NOTE TO READERS: When this project lost substantial funding at the end of 2018, I lost the ability to continue publishing criteria-driven news story reviews and PR news release reviews - once the bread-and-butter of the site going back to 2006. The 3,200 archived reviews, while still educational, are getting old and difficult for me to technically maintain on the back end of the website. So I am announcing that I plan to remove these reviews from the site by April 1, 2021. The blog and the toolkit - two of the most popular features on the site - will remain. If you wish to peruse the reviews before they disappear, please do so by the end of March 2021. After that date you may still be able to access them via the Internet Archive Wayback Machine -

Shining a spotlight on 5-star stories

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Of the first 710 stories reviewed on, only 88 – or 12% have received our top five-star score.

But in one recent 8-day span, a record of four stories were given a five-star review by three independent reviewers – using the same ten standardized criteria we apply to all stories.

Here are those four:

• An Associated Press story, “Fewer clogged arteries need heart stents, study finds; blood-flow test can show which ones do.”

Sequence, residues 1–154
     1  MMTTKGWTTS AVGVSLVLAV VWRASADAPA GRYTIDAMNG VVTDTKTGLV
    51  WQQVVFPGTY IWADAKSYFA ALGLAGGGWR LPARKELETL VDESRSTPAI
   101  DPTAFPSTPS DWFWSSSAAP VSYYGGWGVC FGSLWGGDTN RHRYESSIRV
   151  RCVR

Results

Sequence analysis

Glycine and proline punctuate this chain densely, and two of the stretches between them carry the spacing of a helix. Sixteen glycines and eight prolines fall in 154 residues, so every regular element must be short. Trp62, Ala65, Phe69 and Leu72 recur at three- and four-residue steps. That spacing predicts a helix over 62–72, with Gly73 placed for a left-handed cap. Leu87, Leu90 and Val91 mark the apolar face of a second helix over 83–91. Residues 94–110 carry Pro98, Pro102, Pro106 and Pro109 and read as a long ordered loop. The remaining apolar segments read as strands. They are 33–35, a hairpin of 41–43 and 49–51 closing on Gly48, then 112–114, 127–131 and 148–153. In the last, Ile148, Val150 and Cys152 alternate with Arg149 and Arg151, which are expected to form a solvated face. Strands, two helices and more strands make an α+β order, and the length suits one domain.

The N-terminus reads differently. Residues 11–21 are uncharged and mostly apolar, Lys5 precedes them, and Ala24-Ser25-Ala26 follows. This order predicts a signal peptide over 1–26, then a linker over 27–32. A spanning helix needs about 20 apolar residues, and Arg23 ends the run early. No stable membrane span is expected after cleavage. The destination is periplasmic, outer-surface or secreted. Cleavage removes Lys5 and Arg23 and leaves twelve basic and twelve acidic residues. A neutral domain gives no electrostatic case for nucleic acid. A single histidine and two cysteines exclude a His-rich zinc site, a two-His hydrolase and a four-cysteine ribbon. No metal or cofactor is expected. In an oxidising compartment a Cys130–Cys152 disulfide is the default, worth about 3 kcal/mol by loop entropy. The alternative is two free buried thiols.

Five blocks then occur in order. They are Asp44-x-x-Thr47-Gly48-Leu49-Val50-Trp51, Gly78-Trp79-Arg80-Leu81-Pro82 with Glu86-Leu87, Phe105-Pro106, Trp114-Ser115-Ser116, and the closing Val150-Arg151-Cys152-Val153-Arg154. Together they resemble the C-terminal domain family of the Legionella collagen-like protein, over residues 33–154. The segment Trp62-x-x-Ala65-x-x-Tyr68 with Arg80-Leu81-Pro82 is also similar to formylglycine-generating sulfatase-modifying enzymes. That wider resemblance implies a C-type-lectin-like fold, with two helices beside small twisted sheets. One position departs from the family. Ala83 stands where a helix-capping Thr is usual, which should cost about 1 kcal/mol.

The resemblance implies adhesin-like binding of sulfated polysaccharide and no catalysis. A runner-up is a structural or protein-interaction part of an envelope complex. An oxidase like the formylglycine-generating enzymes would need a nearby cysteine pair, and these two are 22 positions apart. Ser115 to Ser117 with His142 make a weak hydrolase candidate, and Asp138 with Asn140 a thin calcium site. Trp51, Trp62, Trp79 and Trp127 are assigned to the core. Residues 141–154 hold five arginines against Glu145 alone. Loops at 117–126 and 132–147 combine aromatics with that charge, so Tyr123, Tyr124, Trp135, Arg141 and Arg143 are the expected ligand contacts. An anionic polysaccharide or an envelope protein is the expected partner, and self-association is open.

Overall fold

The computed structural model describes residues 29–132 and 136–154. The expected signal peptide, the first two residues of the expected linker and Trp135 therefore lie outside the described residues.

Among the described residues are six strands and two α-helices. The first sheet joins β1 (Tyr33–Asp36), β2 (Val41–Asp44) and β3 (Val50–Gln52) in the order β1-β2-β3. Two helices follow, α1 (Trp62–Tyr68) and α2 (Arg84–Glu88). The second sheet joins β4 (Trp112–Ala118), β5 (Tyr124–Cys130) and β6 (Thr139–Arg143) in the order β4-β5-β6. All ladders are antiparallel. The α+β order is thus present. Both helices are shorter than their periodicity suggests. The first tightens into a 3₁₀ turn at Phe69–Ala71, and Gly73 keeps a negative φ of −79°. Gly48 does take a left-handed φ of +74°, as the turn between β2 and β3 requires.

• A Cleveland Plain Dealer story, “Early Cesareans put babies at risk, study finds.”

We said: “Good job describing the current study and quantifying the results and quoting multiple experts who provide different perspectives. Valuable information for readers – and in only about 500 words.”

• An Associated Press story, “Alzheimer’s drugs double death risk in elderly.”

We said: “In fewer than 450 words, this story gives good details on study methods, comments from two independent experts, and context about previous research and current treatment. Nice job.”

• A Milwaukee Journal Sentinel story, “Deep in brain, shocks help Parkinson’s symptoms.”

We said: “Solid job balancing positive study findings with negative ones, providing opportunity for a skeptic to air concerns. Good to see a newspaper devote more than 1,000 words to a story these days!”

Is making a difference? Is it helping journalists do a better job?

We can’t be sure of the impact we’ve had, but a recent analysis of many of the first stories we reviewed back in the Spring of 2006 compared with some of the most recent stories we reviewed in the Winter of 2008 suggests that the quality of health journalism is improving – despite all of the difficult economic times in newsrooms across the country.

More on this data in weeks to come.

Meantime, congratulations to those working so hard to maintain and improve the quality of health care news coverage in this country.

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